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Hauraki Coromandel Tourism Economy At A Critical Point

The Coromandel tourism industry is counting on a busy summer after enduring 3 months of significantly reduced visitor numbers and spend. During this time the Hauraki Coromandel economy had the one of the largest decreases in visitor spend across the country, down 34% compared to August to October 2020. The only regions that fared worse were Auckland, Waikato and Northland.

The coming summer will be critical to tourism, hospitality and retail businesses throughout the region, which rely heavily on seasonal summer revenue for survival even in strong pre-COVID years.

Hahei Beach Resort General Manager Grant Kilby reports that the Auckland and Waikato lockdowns combined with travel reluctance from people in other regions for fear of being locked down away from home has resulted in unusually sparse bookings for this time of year. Furthermore, local businesses that rely on the holiday park's guests to thrive have also suffered. The upside is that summer is now looking exceptionally strong with pre- and post-Xmas camping and accommodation bookings coming in thick and fast. “The downtime has also allowed us to improve our offering, finetune our processes and plan for a stunning yet safe summer on the Coromandel coast,” says Grant.

Holiday towns along the Pacific coast saw the greatest drop in visitation, however Thames and towns in the Hauraki District were also impacted. Hauraki Rail Trail Trust Chief Executive Officer Diane Drummond confirmed that, like the rest of the Ngā Haerenga Cycle Trail network in New Zealand, the Hauraki Rail Trail had been relatively shock-resistant to the arrival of COVID-19. That was until Auckland and Waikato went into lockdown and rider numbers dropped to levels not seen since 2017. Diane explains, “November numbers to date are down 25% over the same period last year, however we are expecting a rebound as domestic border restrictions ease.”

While appreciative of local support, cafes and restaurants have found it hard going ever since international visitors stopped coming. Coromandel Town’s Josie Fraser, owner of Umu Cafe, is preparing for a tough summer ahead. Maintaining adequate staff numbers has been a constant stress, with the vaccination discussion adding another layer of complexity. “It’s been very quiet, reminiscent of the 1990s. But we know there’s a lot of out of town regulars who’ll be back to Umu when travel resumes.”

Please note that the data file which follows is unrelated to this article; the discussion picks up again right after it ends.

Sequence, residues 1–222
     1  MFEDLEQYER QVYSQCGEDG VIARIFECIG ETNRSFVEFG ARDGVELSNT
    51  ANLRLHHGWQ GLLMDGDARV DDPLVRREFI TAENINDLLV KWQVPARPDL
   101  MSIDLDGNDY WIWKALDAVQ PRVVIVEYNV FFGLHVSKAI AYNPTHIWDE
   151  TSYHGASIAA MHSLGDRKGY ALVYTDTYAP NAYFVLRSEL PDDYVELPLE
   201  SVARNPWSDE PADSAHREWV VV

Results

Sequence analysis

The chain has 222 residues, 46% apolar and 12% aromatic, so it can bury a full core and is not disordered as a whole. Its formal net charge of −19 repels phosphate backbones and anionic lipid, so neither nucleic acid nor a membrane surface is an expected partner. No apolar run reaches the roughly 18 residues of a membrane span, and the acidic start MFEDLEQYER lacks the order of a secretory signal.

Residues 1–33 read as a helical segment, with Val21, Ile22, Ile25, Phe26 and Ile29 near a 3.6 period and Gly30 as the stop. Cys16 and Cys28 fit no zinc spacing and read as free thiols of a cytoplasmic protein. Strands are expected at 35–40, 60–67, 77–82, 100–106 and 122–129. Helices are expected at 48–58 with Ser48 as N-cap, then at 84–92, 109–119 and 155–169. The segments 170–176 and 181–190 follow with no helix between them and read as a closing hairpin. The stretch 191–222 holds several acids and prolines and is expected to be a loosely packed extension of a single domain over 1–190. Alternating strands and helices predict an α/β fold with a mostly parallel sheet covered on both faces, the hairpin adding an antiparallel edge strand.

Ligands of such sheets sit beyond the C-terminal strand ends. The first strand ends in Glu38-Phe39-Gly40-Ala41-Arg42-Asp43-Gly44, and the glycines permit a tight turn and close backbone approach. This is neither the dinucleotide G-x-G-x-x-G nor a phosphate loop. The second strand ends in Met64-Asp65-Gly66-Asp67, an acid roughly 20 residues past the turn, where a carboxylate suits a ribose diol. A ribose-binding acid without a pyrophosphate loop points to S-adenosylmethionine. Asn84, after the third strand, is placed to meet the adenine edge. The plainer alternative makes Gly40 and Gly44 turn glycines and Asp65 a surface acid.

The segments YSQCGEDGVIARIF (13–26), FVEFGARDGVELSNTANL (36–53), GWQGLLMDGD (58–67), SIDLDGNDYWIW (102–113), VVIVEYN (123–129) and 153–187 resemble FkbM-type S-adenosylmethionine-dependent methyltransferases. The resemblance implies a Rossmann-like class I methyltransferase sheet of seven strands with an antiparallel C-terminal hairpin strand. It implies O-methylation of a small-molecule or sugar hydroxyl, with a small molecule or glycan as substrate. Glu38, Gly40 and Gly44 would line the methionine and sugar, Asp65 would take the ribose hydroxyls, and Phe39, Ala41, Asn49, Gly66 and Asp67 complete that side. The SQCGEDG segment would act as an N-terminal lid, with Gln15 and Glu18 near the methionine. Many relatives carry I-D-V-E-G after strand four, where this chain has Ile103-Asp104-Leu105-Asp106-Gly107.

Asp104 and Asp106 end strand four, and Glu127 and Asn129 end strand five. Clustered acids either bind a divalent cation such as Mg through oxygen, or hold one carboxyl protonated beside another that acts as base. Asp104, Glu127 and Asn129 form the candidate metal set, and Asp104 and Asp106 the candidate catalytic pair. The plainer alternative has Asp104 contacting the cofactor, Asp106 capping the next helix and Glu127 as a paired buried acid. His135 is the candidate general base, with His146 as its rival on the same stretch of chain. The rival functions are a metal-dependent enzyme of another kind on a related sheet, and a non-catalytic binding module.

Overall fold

The characteristic optimism of customer focused business owners does shine through however. Leanne Jeffcoat, owner of Hike & Bike Coromandel remains positive. "The government subsidies have helped us however we no longer have one lovely horse float or our awesome boat, both sold to get us through and upsize our ageing van. If anything, this time has made us review and track our business better but all the while staying in the game in both the domestic and international markets."

Regional Tourism Organisation Destination Coromandel is anticipating a strong Christmas to New Year peak after which their Where Kiwis Holiday marketing campaign will focus on maximising regional benefit over a lengthened summer holiday period. Marketing Manager Megan Nunn delayed planned activity as lockdown in The Coromandel's main drive market regions was extended. “We continued to promote The Coromandel in Wellington and South Island cities however we put a lot on hold. We kept our powder dry and restarted campaign components as travel restrictions from our neighbouring cities eased up," says Megan. A new phase of Destination Coromandel's Where Kiwis Holiday campaign will commence early in 2022 with the aim of increasing travel through March and into Easter.

© Scoop Media

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